The JDRF volunteers around the Minneapolis area are very active. I’m lucky to live here so I can participate in some of the great things they are doing.
My trip to Capitol Hill early in the year helped me get to know some of the people in the Grassroots Advocacy team, and since then we’ve worked to keep the relationships going and the advocacy efforts moving.
Monday is a great example. A group of about 12-13 of us met with our district congressman, Erik Paulsen.
This time of year the JDRF Promise Campaign swings into full steam. The idea behind this is to get local families and those living with type 1 diabetes to tell their story to their local representative, and ask them to “remember me” when they are on Capitol Hill making decisions that will affect us.
The JDRF Advocacy group does a great job of organizing “asks”. That is, what are we to ask for while we are there? This provides a consistent set of high level pushes coming from as many of the congressmen and representatives that we can get on board. We did our best to intermingle these asks into our personal stories, and the truth is that they actually fit very well there.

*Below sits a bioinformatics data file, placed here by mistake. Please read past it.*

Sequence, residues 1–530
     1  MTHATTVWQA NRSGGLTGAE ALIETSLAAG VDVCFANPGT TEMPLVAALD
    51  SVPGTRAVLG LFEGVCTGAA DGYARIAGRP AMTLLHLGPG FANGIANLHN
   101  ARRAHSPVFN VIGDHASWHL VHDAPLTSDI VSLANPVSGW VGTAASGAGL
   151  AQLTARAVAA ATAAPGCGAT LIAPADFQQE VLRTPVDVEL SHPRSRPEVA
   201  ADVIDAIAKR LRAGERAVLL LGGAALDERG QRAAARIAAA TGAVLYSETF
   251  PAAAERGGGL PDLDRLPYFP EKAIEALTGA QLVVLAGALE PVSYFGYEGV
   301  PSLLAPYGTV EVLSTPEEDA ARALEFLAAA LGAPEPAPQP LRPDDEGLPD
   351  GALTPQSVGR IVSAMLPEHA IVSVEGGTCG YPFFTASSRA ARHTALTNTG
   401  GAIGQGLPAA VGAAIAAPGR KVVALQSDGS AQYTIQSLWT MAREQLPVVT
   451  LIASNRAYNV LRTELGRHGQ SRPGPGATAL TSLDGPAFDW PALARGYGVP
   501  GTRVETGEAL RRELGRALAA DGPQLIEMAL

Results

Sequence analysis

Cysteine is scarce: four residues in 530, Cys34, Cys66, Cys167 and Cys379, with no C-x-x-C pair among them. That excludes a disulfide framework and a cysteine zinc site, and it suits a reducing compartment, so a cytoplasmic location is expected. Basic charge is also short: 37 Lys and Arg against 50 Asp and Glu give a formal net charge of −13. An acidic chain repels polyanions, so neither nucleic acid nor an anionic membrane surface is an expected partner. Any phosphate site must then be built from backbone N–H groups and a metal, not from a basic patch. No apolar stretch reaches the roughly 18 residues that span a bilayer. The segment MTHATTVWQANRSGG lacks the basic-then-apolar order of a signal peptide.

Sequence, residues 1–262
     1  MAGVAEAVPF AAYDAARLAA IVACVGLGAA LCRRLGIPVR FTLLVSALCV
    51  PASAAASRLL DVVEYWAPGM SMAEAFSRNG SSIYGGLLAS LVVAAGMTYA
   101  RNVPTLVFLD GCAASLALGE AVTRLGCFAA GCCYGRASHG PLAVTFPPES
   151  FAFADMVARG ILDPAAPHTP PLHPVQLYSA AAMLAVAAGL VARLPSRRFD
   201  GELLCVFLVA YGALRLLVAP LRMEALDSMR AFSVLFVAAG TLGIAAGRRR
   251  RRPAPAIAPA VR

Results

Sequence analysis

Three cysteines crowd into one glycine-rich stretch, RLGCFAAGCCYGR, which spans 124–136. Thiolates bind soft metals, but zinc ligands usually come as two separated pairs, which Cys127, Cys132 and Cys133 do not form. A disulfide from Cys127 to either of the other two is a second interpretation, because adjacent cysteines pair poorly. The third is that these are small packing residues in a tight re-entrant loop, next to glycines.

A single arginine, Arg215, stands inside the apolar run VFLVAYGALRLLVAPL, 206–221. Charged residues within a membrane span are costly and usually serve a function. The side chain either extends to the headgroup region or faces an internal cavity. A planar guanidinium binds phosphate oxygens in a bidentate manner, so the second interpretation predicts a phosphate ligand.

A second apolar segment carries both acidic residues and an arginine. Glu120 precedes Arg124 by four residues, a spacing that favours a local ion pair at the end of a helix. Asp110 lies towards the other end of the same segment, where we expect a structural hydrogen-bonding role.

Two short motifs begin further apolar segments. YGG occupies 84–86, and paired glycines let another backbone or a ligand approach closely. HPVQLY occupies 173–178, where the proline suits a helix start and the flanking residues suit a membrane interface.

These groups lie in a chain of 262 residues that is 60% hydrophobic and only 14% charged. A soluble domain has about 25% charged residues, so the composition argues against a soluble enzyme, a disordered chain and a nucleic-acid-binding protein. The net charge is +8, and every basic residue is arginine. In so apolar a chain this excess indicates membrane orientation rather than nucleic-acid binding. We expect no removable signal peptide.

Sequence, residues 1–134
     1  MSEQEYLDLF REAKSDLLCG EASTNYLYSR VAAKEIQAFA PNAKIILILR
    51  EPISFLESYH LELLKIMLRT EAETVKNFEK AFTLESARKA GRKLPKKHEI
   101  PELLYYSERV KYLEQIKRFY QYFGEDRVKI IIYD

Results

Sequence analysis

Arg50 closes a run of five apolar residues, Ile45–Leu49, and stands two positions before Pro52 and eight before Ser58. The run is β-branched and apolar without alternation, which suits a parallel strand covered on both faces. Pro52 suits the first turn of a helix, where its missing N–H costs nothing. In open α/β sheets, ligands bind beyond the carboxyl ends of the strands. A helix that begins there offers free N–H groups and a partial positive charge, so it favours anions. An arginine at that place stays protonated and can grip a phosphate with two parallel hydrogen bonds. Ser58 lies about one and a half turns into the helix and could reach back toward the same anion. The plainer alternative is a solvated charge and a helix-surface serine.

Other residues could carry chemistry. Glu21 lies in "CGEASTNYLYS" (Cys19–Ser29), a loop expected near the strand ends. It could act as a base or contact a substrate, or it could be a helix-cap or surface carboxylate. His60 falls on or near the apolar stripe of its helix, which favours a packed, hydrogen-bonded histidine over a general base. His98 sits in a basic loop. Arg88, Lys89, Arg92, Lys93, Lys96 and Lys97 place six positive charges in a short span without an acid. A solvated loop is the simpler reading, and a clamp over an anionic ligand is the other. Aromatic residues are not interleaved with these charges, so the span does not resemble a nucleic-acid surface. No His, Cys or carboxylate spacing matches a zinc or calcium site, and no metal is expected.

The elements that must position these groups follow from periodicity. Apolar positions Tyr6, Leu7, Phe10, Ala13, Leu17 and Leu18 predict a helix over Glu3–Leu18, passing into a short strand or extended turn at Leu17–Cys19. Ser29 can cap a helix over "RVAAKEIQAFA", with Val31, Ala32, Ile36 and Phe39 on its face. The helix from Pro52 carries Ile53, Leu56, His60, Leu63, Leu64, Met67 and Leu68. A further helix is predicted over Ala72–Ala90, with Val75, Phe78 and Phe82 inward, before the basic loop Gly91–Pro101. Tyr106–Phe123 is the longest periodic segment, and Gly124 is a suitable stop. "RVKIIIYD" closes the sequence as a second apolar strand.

We spent about a half-hour visiting with Congressman Paulsen, and it was clear to me that he was interested in doing whatever he could to help. He gave each of us his undivided attention, and asked some great questions.
We talked about the continued support of funding to the NIH and FDA, and lobbying the FDA to keep things moving with the artificial pancreas. We talked about concerns over healthcare, and how many of the parents were terrified about satisfactory coverage. We talked about the financial burdens of life with type 1 diabetes, and the scary instances of those we’ve lost.
My impressions when it was all said and done? He gets it. He gets it and will do all that he can to help (within the political and logistical limits he’s bound to).
The world is not going to change as a result of one meeting, a few meetings, or even a hundred meetings. But as we continue to push for better, and develop relationships where possible, they will remember us as they are on The Hill battling out budget cuts and voting on proposals. That is why “Promise To Remember Me” is important.
As a normal, average, everyday Scott, living life with type 1 diabetes – was it much to ask for me to volunteer a couple hours of my afternoon? Not at all. As someone who is totally politically ignorant, was it intimidating to do? Absolutely. But you know what, it was easy. It was all about telling my story about life with type 1 diabetes. That’s it. One person to another.
Do not be afraid to get involved. If I can do it, anyone can.